No Man’s Land

memento mori

All writing contains an element of memento mori, a trait much easier to detect in the writing of say Dostoevsky than the Yellow Pages but it’s always there if you look and think deep enough. Even the most ridiculous scribblings and advertisements and lists will one day be invested with some unintended unforeseen significance when their author is long dead and time has moved sufficiently along to make our present the foreign country it will one day become. It’s just a question of seeing far enough ahead and then turning to look back – a Lot’s wife view of history. People will sift through the wreckage of our age just as we do the ages that came before us. The monumental will decay and the trash will be elevated into antique. Continue reading

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Echoes

scoreP‘For a cold lifeless sphere of rock and dust locked in orbit around our planet, the satellite has had many protean identities. It has been a symbol of love and chastity, lucidity and madness, eternity and death. It never changes and it never stops changing. Poets have serenaded its femininity and its solitude and have, in the case of the Chinese poet Li Bai, drowned attempting to embrace its reflection. To the grand-cynic Philip Larkin, it was a “lozenge of love” and a “medallion of art”; its celestial light aiding his stumbling path from the toilet. Above all, it is clear that the moon has and always will be, as long as there are people to observe it, a canvas. Continue reading

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The Hidden Rooms

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I’m in Vienna at the moment, exploring the streets and museums as much as old war wounds will allow, searching for the ghosts of Trakl, Schiele and co, as well as buildings (unbuilt or otherwise). Continue reading

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Where the Wild Things Are

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The prevalent trend in books, at least on these battered old islands, seems to be for the overnight discovery. It’s a tempting myth for journalists to find some literary Kaspar Hauser out of nowhere (despite the fact there are no nowheres) and display his or her talents before the court. Yet it remains very much a myth and does little to demonstrate how much time and effort the likes of Eimear McBride have put in through the years and how many barriers they faced in trying to get their stories to the public. We like our myths though and the idea of overnight success (holding out the hope we will have our own) prevails even if it was years in the making and came almost in spite of those heralding it. Continue reading

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From Duchamp to where

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‘There are four types of remains from shipwrecks. Flotsam and jetsam are the wreckage left floating on the sea, the latter having been deliberately jettisoned. Derelict and lagan are those remnants of the vessel and cargo resting on the ocean floor, the latter being recoverable. For the landlocked among us, it’s a useful way of regarding history. There are artefacts, ideas and entities easily identified and salvaged from the surface. Others lurk forgotten or obscured in the depths. This wreckage we call culture.’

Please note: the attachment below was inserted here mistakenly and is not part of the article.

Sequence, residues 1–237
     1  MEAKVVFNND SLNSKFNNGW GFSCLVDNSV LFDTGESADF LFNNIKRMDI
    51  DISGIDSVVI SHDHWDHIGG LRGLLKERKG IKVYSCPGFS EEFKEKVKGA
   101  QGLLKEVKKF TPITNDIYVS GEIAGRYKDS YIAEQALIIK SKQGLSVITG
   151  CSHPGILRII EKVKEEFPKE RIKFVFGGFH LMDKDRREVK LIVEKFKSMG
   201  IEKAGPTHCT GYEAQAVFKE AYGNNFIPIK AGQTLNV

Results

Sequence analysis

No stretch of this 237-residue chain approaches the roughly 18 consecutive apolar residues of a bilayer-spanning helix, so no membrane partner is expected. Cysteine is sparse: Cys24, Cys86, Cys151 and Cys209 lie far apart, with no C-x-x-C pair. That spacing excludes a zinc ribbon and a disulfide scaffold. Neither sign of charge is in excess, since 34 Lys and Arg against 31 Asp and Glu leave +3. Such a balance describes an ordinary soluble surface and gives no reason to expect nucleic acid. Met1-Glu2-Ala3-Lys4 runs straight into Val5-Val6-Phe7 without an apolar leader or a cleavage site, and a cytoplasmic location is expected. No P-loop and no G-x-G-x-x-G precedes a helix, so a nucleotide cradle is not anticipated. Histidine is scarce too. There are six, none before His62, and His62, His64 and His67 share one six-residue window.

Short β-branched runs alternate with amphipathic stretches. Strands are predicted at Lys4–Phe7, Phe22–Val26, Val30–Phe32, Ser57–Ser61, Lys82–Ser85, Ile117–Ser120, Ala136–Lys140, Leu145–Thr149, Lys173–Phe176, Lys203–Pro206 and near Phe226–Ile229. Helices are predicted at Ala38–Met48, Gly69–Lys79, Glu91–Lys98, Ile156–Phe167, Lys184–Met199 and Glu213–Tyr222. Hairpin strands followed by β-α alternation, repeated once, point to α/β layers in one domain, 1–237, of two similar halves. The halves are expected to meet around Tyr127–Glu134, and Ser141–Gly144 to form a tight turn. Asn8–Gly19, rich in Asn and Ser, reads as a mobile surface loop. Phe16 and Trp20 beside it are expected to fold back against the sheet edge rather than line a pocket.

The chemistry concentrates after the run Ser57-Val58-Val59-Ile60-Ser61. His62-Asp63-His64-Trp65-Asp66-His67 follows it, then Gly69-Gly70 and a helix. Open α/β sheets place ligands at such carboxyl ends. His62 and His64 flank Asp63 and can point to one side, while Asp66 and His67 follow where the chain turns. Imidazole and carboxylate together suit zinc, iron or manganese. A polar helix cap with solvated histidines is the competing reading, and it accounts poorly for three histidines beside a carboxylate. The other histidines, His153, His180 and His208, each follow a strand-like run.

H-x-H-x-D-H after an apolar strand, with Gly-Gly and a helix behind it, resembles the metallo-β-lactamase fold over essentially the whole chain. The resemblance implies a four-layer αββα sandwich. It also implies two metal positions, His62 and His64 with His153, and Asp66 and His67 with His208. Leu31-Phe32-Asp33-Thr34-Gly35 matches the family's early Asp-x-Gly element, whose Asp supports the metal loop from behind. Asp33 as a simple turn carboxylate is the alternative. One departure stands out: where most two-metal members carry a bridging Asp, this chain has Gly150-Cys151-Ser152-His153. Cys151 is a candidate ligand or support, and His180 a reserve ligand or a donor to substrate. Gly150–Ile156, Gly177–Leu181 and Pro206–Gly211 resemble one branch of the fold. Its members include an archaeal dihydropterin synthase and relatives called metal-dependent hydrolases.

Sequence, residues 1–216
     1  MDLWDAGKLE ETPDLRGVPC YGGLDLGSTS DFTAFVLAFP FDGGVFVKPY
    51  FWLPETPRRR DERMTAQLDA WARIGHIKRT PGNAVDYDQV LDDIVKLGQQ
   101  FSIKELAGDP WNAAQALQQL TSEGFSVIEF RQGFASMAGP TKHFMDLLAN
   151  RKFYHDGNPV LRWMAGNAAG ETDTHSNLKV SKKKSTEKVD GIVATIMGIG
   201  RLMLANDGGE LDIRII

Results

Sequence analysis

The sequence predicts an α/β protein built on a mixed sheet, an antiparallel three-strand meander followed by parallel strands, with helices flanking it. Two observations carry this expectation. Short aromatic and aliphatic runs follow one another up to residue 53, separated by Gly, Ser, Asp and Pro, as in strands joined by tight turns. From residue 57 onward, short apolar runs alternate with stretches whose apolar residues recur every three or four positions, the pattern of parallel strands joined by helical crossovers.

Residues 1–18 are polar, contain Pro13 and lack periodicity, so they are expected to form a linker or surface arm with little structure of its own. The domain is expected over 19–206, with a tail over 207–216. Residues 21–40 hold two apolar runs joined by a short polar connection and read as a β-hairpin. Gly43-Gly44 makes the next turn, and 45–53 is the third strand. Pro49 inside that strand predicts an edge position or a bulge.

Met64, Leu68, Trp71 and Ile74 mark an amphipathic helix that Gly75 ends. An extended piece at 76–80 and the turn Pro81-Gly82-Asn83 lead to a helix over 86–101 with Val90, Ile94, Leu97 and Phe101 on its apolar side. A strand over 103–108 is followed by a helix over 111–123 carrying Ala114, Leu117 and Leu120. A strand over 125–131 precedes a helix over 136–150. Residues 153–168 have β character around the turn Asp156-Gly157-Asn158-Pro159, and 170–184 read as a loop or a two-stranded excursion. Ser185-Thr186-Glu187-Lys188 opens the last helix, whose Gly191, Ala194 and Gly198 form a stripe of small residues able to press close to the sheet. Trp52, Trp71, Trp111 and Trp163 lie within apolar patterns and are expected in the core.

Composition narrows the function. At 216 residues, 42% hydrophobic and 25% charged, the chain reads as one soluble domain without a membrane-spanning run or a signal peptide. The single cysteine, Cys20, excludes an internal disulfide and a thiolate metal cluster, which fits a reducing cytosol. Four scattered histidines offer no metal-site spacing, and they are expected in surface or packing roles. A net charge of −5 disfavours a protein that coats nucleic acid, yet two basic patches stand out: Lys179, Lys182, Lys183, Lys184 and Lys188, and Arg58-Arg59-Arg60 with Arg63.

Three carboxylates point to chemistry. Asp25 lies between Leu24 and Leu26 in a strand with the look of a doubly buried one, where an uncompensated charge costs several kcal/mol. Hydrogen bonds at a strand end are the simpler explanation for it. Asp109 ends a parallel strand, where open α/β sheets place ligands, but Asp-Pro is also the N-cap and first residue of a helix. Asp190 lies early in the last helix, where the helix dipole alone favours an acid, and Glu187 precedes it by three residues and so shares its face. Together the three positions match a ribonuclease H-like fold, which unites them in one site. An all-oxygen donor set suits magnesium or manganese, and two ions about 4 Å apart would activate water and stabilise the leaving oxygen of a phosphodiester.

On Isa Genzken at the Edinburgh Art Festival.

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Mad King Sweeney

blue pavilion1 I’ve been living and writing for the past few months in this cabin in the woods over the sea. It’s less Thoreau or Bon Iver than Victorian ornamental hermit but it’s been productive and it’s almost impossible for the sound of owls at night or the wind through the trees not to seep into the writing. The recent weather has made it feel like the cabin of a ship on a storm-tossed sea. It’s a world I only imagined existing reading Kidnapped or Moonfleet as a child or The Baron in the Trees much later, a world my fiancée grew up in, and one that becomes more extraordinary the more it’s explored and read about (World War 2 bunkers, the hiding places of medieval ‘witches’, the site of feudal skirmishes). It is a landscape that seems to somehow know secret things. Continue reading

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Gone sailing

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Given that it will no doubt stop this wretched old earth from rotating, I thought I’d mention that I’ve resigned from my role as editor of The Honest Ulsterman. I’d like to sincerely thank everyone for their support, especially all the interesting, encouraging people on Twitter and above all to the Verbal Arts Centre in Derry, the very talented Claire Savage and everyone we interviewed and featured. I’m proud of the issues we’ve produced and the success of writers we’ve featured such as Eimear McBride, Rob Doyle, Colin Barrett and Benjamin Myers. It’s a much-needed publication and I hope it long continues. Continue reading

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